Because if they don’t, the audience will tune out. And think about the work they need to finish or the errand they need to run on their way home.

Good speakers get to the point.

The same is true of good writers.

One of the best writing tips I’ve ever heard was to get rid of the “throat clearing”–the filler at the start of your article, post, report or email.

The purpose of the first sentence is to get them to read the second sentence. If that first sentence doesn’t hook ’em, like the audience at a presentation, the reader will tune out.

Yes, there are exceptions. Occasions where a little warm up or background is appropriate. But those are exceptions.

The default: get to the point.

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Know thy client

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I read an article in the Wisconsin Lawyer that provided “tips for writing in ways that attract the attention of search engines, readers, and new clients.”

It’s good information. And a good reminder about the importance and value of writing in building a law practice.

But that’s not why I’m telling you about it.

At the end of the article, in her “bio,” the author tells a story about one of her consulting clients who was unhappy with her advice:

A few years ago, an attorney I was working with called me to complain because one of their former clients gave them a bad online review. I had encouraged them to follow up with clients to thank them for their business and ask for reviews, so the bad review they received was, in their mind, my fault. It didn’t occur to me that I needed to tell attorneys that they should only ask for reviews from clients they suspected had a positive opinion of them. I now emphasize that you should never ask for a review you don’t want. It’s the legal marketing equivalent of the age-old advice that you should never ask a question you don’t want to know the answer to!

It seems so simple. Ask for reviews; don’t ask for reviews from clients who might not love ya.

You want reviews. You need reviews. Good reviews can bring in a boatload of clients.

Seriously.

So you should ask for reviews.

But how do you avoid bad reviews?

Simple.

Ask for reviews, but do it in stages:

  1. Routinely send every client a form to fill out to provide feedback about you, your services, your office, etc. Include a question asking if they would recommend you to others, and why or why not.
  2. When the client provides positive feedback and says they would recommend/refer you, ask them to post this in a review (and give them a link to the site you prefer).

Keep your enemies close. Keep your friends (and clients) closer, because you never know what they might say about you.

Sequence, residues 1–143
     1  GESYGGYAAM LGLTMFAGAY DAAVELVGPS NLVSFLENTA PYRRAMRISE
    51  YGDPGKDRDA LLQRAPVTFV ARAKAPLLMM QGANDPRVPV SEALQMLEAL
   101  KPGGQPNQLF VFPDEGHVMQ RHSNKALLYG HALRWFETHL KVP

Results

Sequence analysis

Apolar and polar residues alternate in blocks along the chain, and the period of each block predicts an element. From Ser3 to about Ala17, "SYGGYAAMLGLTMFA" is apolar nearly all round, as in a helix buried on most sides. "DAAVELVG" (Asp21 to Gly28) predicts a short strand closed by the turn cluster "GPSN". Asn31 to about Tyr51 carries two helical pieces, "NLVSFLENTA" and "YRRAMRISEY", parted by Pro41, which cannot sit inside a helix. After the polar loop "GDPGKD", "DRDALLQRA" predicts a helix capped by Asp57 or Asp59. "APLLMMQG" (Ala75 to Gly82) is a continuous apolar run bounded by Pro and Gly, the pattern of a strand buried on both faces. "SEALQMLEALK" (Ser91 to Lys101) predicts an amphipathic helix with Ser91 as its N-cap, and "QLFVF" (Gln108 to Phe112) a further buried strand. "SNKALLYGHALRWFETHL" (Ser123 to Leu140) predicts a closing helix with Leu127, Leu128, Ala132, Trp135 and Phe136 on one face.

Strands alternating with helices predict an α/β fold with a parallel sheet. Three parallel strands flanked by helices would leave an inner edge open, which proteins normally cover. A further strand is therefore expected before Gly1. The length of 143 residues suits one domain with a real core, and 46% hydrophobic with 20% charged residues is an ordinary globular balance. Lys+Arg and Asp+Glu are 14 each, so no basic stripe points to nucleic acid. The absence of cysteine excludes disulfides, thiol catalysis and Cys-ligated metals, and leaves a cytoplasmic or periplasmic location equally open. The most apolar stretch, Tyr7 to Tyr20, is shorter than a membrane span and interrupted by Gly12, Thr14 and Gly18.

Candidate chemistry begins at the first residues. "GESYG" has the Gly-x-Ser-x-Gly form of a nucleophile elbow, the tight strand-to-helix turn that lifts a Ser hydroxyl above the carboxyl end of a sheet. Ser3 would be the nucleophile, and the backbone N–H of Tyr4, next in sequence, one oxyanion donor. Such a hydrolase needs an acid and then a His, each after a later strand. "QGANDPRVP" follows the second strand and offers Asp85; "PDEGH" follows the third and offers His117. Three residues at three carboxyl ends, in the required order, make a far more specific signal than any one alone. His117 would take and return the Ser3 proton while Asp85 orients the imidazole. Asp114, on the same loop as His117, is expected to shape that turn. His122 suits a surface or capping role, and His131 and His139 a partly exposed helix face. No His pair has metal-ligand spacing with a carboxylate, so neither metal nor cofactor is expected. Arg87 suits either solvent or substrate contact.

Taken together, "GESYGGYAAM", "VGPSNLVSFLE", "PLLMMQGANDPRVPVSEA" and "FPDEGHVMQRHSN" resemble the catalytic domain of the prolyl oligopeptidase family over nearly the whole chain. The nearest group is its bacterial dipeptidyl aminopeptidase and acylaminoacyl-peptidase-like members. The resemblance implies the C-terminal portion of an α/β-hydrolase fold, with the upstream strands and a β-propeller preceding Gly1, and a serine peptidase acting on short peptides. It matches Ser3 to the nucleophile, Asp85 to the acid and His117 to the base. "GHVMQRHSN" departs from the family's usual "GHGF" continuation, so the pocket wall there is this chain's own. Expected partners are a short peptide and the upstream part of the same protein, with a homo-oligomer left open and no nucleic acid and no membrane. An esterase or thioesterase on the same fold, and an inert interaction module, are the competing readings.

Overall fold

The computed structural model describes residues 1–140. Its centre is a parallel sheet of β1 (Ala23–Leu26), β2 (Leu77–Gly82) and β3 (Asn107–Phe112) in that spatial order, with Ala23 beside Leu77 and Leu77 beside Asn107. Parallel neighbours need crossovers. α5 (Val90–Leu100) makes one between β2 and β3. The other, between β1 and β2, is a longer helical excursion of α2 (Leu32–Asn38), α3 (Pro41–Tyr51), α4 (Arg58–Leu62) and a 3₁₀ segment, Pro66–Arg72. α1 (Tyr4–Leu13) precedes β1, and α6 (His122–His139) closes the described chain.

The Quantum Leap Marketing System

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Plagiarizing for fun and profit

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Yesterday, I talked about finding blog posts and articles written by other lawyers and rewriting them, as an easy and effective way to create your content.

Today, I have an even easier method.

No, I’m not going to tell you to plagiarize their content—copy it and call it your own.

You can’t do that. But you can plagiarize your own content.

You can re-post or re-send something you’ve shared in the past.

Take one of your old posts and post it again. Without changing a word.

Can you really do that?

It’s your content. You can do whatever you want with it.

But should you?

Yes. Here’s why.

You’ve got new subscribers who didn’t see your article before. You’ve got readers who saw it months or years ago and won’t remember. You’ve got readers who read it before weren’t ready to do anything with the information. And readers who did something but need to be reminded to do it again.

Do you do everything I tell you to do? No, you don’t. Which is why you’ll hear me say it again.

Sometimes I re-write, update, shorten or lengthen my old posts. Sometimes, I write a new post on the same idea. But you don’t have to do any of that and if you don’t want to or you don’t have time, don’t bother.

Click and send that puppy and get on with your day.

Now for the best part.

You can take some of your better articles or posts, load them into your autoresponder, and schedule them to go out over the course of the next few weeks or months. When the cycle ends, you can reset it and let your best stuff get sent all over again.

Automate your self-plagiarism. For the win.

Email Marketing for Attorneys